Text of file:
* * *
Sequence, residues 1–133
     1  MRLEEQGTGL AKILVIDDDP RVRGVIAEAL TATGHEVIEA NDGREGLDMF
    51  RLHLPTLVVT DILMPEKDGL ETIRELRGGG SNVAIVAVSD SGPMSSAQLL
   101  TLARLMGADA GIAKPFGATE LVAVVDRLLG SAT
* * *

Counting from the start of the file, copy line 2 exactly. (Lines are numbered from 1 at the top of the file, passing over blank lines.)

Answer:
     1  MRLEEQGTGL AKILVIDDDP RVRGVIAEAL TATGHEVIEA NDGREGLDMF